There has been little incentive for individual utilities to invest in the power grid, said former state Rep. Norm Rokeberg, R-Anchorage, who sponsored the bill for the REGA study and who backs its recommendation.
“The grid never seemed to gain the priority for capital investment that was needed,” he said.
A state corporation has other benefits, Strandberg said.
“You avoid duplication of manpower, you’re able to create a better technical work force, so you don’t have meter shops with each utility, for example,” Strandberg said.
The new corporation could coordinate generation sources, scheduling how much power each unit put out, holding back water behind a dam when a wind farm elsewhere was operating at full capacity.
“You can come up with much better economics if you can intelligently operate these units together,” Strandberg said. “Currently, we can’t do that.”
Chris Rose, director of Renewable Energy Alaska Project, said utilities with the cheapest electricity likely will have concerns about the administration’s stated goal of one “postage-stamp rate” for power in the Railbelt if it affects their customers’ pocketbooks. Abbott, the Anchorage city manager, said utilities likely will want to maintain benefits of past decisions they’ve made.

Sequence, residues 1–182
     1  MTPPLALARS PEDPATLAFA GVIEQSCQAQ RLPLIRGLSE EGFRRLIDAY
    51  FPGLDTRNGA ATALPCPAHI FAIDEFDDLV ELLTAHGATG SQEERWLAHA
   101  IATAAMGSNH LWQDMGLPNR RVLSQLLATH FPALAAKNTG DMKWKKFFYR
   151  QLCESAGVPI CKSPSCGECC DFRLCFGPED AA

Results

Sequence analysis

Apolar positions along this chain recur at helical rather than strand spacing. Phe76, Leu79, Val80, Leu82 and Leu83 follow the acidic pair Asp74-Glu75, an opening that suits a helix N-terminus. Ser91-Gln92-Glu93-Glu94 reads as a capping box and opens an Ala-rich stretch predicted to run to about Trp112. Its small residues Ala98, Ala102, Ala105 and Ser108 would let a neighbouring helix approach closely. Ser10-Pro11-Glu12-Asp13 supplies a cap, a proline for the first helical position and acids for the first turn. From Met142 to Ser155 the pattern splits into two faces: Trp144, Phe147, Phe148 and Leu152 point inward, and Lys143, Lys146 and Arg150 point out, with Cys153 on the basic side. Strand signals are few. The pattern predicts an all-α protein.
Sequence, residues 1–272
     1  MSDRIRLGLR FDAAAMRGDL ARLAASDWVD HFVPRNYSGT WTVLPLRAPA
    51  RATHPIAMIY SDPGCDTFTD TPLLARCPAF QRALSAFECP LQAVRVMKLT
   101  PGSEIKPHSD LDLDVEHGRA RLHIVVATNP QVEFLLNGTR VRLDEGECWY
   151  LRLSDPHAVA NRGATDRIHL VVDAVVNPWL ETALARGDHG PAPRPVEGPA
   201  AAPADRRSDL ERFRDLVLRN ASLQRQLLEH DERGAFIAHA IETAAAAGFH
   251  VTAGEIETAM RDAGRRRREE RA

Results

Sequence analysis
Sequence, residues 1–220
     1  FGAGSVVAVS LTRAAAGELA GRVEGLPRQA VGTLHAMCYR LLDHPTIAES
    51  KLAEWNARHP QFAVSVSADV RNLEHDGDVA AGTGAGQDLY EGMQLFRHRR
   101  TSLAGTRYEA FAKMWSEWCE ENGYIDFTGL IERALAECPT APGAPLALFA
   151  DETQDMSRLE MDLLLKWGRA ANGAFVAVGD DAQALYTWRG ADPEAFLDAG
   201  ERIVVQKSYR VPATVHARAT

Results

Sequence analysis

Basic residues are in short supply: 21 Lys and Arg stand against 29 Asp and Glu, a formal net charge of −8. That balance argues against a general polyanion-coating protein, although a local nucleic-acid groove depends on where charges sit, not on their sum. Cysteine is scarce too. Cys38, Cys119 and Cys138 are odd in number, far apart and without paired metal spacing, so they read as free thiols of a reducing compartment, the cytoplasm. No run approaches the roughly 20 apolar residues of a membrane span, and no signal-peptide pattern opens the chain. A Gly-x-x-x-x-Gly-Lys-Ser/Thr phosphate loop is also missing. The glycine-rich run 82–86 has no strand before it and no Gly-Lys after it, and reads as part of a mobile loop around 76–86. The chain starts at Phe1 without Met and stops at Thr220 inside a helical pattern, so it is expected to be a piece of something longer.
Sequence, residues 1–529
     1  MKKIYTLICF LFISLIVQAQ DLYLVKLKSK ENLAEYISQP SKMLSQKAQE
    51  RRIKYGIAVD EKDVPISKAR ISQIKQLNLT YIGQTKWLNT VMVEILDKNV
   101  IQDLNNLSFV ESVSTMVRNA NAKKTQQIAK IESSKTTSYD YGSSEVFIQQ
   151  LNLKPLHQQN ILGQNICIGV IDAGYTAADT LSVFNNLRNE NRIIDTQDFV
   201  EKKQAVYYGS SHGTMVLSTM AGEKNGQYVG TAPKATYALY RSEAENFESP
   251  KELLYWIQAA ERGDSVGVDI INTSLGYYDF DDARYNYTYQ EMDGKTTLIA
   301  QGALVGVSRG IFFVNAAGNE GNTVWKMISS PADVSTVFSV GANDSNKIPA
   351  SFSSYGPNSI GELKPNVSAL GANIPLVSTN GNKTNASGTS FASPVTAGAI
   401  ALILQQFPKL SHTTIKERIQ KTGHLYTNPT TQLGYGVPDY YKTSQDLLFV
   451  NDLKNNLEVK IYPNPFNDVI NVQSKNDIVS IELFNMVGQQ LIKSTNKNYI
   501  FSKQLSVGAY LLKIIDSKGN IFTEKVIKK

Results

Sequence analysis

Some utilities may prefer a regional power cooperative rather than a state corporation, Rose said. Also up in the air is whether a state corporation’s decision would be overseen by the Regulatory Commission of Alaska, Rose said.
Administration officials are trying to address concerns, Strandberg said. Utility representatives have helped write the bill that will be unveiled.
“Obviously, at the board level, there’s going to be a loss of control,” Strandberg said.
Palin will wield a considerable hammer for getting the utilities on board. State money has helped subsidize Railbelt energy infrastructure, and grants or low interest loans represents the most significant way to reduce the debt burden on rate-payers, the study said.
Administration officials have hinted that state government will be more willing to provide financial assistance to a state agency instead of a cooperative.
“We are working hard to achieve, basically, an all-in, but we’re working to find ways that the process is economically attractive to the utilities so they agree to collaborate,” Strandberg said.
Dan Joling/The Associated Press
Fairbanks Daily News – Miner